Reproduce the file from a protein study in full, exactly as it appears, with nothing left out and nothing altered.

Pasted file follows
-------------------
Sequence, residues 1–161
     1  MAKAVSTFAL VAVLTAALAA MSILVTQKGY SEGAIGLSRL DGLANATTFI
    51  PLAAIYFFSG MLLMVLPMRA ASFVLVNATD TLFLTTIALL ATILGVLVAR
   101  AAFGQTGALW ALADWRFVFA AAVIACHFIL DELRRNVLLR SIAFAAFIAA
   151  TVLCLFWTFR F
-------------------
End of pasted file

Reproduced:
Sequence, residues 1–161
     1  MAKAVSTFAL VAVLTAALAA MSILVTQKGY SEGAIGLSRL DGLANATTFI
    51  PLAAIYFFSG MLLMVLPMRA ASFVLVNATD TLFLTTIALL ATILGVLVAR
   101  AAFGQTGALW ALADWRFVFA AAVIACHFIL DELRRNVLLR SIAFAAFIAA
   151  TVLCLFWTFR F